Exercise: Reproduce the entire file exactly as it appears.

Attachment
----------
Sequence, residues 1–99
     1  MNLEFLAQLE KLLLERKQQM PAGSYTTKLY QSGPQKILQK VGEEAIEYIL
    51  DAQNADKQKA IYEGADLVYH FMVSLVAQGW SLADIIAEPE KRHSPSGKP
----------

Sequence, residues 1–99
     1  MNLEFLAQLE KLLLERKQQM PAGSYTTKLY QSGPQKILQK VGEEAIEYIL
    51  DAQNADKQKA IYEGADLVYH FMVSLVAQGW SLADIIAEPE KRHSPSGKP